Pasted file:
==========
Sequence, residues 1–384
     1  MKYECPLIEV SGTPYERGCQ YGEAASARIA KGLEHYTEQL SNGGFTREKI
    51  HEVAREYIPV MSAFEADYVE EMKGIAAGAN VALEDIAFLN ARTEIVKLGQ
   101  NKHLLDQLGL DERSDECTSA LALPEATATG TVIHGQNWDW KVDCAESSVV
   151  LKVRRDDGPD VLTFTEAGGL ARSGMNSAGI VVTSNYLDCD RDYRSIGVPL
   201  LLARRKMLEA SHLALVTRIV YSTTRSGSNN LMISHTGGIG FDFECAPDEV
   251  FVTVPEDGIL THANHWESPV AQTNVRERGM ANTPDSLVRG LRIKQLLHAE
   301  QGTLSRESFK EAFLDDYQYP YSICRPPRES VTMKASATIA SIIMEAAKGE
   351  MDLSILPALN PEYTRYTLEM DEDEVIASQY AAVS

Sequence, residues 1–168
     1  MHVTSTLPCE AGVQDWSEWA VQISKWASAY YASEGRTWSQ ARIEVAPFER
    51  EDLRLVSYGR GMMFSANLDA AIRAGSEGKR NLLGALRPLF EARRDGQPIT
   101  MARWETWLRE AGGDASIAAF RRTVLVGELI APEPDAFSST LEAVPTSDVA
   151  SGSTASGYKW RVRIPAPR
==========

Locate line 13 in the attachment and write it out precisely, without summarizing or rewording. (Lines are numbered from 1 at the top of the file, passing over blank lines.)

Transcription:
   101  MARWETWLRE AGGDASIAAF RRTVLVGELI APEPDAFSST LEAVPTSDVA